By Carl Turner, VP, Research Analytics Director, Palio (@leftyrightbrain)
Back in August 2009 Google debuted its Health OneBox feature. The feature modified Google search by placing disease state or condition descriptions provided by the National Institute of Health at the top of search results whenever disease state or conditions are searched. On Monday, Google updated its Health OneBox feature by extending its reach to medications. The latest modification ensures that a NIH description of a medication will appear at the top of search results whenever the name of a branded or generic prescription medication is searched on Google.
Some in the industry (including John Mack, @pharmaguy) assert that the medication-related NIH search results compete with paid pharmaceutical ads. Furthermore, they have characterized the move by Google as one that is mainly focused on increasing revenue for pharmaceutical advertising because now drug companies will have to increase online advertising to maintain share of voice on search engines. I disagree with these perspectives and believe that the new feature demonstrates Google’s commitment to relevant search. Additionally, I think the change will have a positive impact on patients, physicians, and the pharmaceutical industry.
To learn more about Google’s Health OneBox feature I submitted several questions to a Google spokesperson. Here’s what Google’s spokesperson had to say about the changes to the feature (CT – that’s me, Carl Turner; GS is Google Spokesperson):
CT: Can you give me a quick overview of the history of Google’s Health OneBox feature?
GS: “We first launched our health search feature in August of 2009. You can read more on this blog post from Search Engine Land.”
CT: The latest update to Google’s Health OneBox expands that feature to medications. So now when you type in the name of a medication (brandedor generic) into a Google search bar a short description of the medication provided by the National Institute of Health appears at the top of the search. What motivated this update? Was it in any way in response to pharmaceutical industry requests for having the relevance of health-related search improved?
GS: “We’re always iterating in search. Health information is an important and popular category of information users are looking for. Our goal is to get people to straightforward, useful information as quickly as possible. ”
CT: How do you think this change will impact users?
GS: “The medications search feature helps users more quickly find information about common generic and brand name drugs.”
CT: How do you hope that pharmaceutical companies will view this change?
GS: “As always were focused on delivering the most relevant information for our users. In many cases, we anticipate that users will read the information from the NIH and then continue on to browse other sources on the web. Websites that provide this information will still appear in search results as they do today. The medications search feature is an addition to the page, and users can still find the usual top ten results for each query.”
Here are some reasons why this small change might have a bigger impact than would be expected¢‚Ç¨¬¶
The internet is overrun by misinformation on disease states, conditions, and treatments. It is becoming more difficult for patients to determine whether health information is accurate. Irrelevant and inaccurate search results contribute to health misinformation. Some patients become frustrated and disengage from using the internet as a reliable source for health information. Others gather information about health or medications via internet, but are unaware that they have armed themselves with misinformation.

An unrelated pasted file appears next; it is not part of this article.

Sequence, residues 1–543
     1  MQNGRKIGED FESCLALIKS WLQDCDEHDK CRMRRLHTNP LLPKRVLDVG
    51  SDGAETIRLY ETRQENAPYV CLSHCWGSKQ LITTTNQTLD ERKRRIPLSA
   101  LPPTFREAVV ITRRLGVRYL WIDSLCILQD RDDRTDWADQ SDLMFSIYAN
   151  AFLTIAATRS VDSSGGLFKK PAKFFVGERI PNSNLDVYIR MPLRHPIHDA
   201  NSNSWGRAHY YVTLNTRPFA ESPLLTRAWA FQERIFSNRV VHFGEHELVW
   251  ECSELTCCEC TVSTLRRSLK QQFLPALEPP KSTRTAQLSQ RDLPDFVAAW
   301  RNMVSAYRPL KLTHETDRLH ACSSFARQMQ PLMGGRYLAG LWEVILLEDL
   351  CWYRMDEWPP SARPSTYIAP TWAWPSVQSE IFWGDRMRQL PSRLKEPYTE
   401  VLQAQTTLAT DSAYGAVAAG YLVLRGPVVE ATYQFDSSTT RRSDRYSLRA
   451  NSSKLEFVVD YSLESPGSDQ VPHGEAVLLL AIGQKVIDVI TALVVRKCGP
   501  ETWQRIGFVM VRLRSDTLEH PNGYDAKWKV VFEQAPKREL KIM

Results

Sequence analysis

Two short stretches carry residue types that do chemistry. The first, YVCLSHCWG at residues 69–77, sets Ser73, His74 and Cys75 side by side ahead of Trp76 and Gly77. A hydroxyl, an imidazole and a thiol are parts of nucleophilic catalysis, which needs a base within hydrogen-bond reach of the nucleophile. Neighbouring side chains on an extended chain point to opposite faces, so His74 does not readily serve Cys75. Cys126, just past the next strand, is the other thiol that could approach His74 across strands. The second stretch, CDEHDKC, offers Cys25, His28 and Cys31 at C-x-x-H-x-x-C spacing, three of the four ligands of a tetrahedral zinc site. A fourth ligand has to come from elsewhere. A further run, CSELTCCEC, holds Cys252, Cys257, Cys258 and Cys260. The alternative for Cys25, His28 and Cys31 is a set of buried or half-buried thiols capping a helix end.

Based on the misinformation collected online, some ePatients confront and challenge their physician’s treatment decisions. Misleading health information can contribute to patient non-compliance and strain the physician-patient relationship.
Physicians and patients aren’t alone, even the pharmaceutical industry is frustrated and negatively impacted by the wealth of health misinformation online. Pharmaceutical companies have a hard time controlling the spread of product-related misinformation. Despite the fact that misunderstandings can balloon into pervasive perceptions that damage brands, pharmaceutical companies are limited in their ability to respond to misleading information online.
Although Google is in the business of selling ads, I do not believe that the latest Health OneBox update was motivated solely by profit. During the FDA’s public hearing addressing social media and the internet and in countless conferences on social media, the industry has challenged the FDA and Google to improve the relevance of health related search. Google stepped up to the challenge by prioritizing accurate health and medication information and moving it to the top of search. As far as paid advertising goes, I don’t think that the NIH descriptions (in their current form) pose a major risk to the marketing of pharmaceutical products. I think most marketers would rather have the general public review truthful information than false or misleading information about their products. In addition, think about the positive impact this new feature will have on small pharmaceutical products who do not benefit from large digital budgets. Overall, Health OneBox does not eliminate the health misinformation problem, but you have to admit it’s a step in the right direction.